Not really: the chair of the House Judiciary Committee tried to give it a go, but Speaker of the House Pelosi stomped his efforts flat.

    Ever since then, I have maintained that the commitment of the Democratic Party to the US Constitution is directly proportionate to the “Dump Pelosi” movement within that party – i.e., non-existent.

    Maybe saying “President Cheney” a few times dampened her enthusiasm for a Bush impeachment.

  • daved

    The impeachment talk is just bluster, the real threat is an attempt to repeal our Blaine Amendment language from the Constitution via popular referendum

    Could certainly happen — but the monument is still unconstitutional under the US constitution.

  • Synfandel

    @15 billydee wrote: “But yesterday on Fox and Fiends Steve Doocy stated that the Ten Commandments were the basis of the all the laws of this country.”

    Which commandment is the basis of the law prohibiting harassing bigfoot?

  • whheydt

    Re: daved @ #18…

    Well…only if it’s the *only* religious display on the capitol grounds. If they repeal that section of the state constitution in order to leave the Ten Commandments there, they will be opening the door to the Satanist group waiting on the other side of it. Not sure which would be more amusing…screaming about having to remove the Ten Commandments rock or screaming because, so long as it’s there, they have to tolerate *other* religious monuments.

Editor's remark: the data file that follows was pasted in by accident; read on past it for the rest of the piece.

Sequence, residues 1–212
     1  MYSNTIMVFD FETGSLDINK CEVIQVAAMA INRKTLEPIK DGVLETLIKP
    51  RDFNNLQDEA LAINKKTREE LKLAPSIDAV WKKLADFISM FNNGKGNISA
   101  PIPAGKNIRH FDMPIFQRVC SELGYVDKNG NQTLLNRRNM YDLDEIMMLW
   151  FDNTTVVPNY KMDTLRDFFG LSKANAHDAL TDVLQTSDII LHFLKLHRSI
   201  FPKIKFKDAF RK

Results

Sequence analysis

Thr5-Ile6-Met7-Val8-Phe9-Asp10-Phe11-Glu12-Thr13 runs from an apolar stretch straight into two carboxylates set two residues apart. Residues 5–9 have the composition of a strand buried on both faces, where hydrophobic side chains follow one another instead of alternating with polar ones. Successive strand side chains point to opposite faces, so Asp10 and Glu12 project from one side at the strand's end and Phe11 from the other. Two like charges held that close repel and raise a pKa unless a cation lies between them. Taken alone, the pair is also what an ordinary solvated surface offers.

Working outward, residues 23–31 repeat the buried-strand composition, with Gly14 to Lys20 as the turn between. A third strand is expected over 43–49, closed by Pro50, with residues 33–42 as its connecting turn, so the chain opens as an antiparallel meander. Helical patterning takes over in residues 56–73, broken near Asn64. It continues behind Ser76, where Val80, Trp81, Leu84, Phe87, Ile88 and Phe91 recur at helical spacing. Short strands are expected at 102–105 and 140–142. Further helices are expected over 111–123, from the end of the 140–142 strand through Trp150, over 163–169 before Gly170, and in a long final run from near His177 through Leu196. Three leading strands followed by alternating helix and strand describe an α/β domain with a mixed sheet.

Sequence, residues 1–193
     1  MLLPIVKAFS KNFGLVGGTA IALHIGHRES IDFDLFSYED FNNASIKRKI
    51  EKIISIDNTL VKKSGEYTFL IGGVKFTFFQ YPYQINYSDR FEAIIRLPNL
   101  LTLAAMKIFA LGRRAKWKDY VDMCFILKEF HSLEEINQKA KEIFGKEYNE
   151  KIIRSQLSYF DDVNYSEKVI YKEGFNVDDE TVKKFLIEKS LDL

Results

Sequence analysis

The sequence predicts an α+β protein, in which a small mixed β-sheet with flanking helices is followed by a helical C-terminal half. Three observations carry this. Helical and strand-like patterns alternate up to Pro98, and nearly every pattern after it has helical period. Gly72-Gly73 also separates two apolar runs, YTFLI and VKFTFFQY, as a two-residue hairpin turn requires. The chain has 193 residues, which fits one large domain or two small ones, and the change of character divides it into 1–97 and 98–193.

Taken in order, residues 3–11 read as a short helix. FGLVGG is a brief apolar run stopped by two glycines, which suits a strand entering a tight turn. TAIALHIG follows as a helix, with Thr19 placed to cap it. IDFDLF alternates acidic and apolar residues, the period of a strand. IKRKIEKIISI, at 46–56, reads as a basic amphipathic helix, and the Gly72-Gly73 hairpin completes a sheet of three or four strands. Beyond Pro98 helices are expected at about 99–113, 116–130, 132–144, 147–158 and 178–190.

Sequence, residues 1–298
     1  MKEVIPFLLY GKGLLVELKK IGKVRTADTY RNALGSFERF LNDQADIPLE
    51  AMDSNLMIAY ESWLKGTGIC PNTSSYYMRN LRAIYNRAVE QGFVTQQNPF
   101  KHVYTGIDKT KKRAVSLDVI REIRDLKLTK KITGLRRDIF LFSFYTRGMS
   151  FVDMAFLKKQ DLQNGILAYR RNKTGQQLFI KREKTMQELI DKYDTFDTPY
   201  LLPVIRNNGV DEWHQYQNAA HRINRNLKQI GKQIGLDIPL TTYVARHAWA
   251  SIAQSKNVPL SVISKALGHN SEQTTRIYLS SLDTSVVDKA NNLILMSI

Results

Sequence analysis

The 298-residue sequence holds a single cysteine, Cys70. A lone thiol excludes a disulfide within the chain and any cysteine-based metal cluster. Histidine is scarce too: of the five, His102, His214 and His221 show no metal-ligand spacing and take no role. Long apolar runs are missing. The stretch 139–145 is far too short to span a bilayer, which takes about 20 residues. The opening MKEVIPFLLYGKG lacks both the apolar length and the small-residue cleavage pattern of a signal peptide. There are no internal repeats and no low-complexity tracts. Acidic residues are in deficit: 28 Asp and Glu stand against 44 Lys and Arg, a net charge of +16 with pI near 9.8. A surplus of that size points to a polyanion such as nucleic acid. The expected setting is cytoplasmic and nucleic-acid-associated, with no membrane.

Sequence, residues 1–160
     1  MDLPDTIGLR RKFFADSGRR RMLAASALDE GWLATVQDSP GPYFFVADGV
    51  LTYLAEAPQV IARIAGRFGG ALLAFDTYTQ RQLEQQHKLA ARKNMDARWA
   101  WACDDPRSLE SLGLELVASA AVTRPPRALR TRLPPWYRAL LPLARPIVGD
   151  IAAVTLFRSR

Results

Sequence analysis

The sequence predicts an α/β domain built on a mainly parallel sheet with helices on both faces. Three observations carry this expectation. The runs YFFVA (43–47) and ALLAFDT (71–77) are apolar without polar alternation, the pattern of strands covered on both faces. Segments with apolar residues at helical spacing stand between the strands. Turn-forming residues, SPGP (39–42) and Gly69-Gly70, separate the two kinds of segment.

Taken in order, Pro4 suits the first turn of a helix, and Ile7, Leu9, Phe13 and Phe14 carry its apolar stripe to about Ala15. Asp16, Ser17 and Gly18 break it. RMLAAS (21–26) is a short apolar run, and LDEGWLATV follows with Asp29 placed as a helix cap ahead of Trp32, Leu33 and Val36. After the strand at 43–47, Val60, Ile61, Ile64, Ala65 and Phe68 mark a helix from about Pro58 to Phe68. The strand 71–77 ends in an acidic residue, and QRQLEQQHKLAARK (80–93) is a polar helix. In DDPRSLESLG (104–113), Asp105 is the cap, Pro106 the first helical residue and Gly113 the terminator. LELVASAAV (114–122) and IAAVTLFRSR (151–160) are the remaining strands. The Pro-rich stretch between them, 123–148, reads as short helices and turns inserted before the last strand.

Odd thought…if the legislators are sincere about the rock being about the history of law, they could add ones with the Code of Hammurabi and some other historical legal codes. Might take a bunch of them to make a legal point, which would rather obscure the Ten Commandments one, but them’s the breaks.

  • David C Brayton

    That was actually a strange opinion. The court’s entire analysis was ‘well duh, it’s obviously religious, so it has to go.’ Literally, a single page.

    Whether the folks that erected the monument offered a defense isn’t mentioned in the opinion. And the Court didn’t even acknowledge whatever rationale the lower court used to justify its opinion.

    Two justices dissented but didn’t write an opinion.

    Very strange indeed.

  • theDukedog7 .

    Will they have to remove the Declaration of Independance from public property? All that “Creator” talk about rights, etc.

    Oh… it seems like they already have.

  • EnlightenmentLiberal

    @David C Brayton

    That is weird. And IMHO good. I hate to invoke the phrase “common sense”. Let me phrase it like this: The decision was as long as it needed to be to address all of the relevant issues, and it didn’t peddle in bullshit. Ignoring formalities and such, one page sounds about right to reach the proper conclusion in this case.

  • John Pieret

    Will they have to remove the Declaration of Independance from public property?

    Nope, according to SCOTUS, that and “In God We Trust” and “one nation under God” is each just a bit of ceremonial deism. Is that what those state legislators are saying the 10 Commandments is?

  • Crudely Wrott, lurching towards recrudescence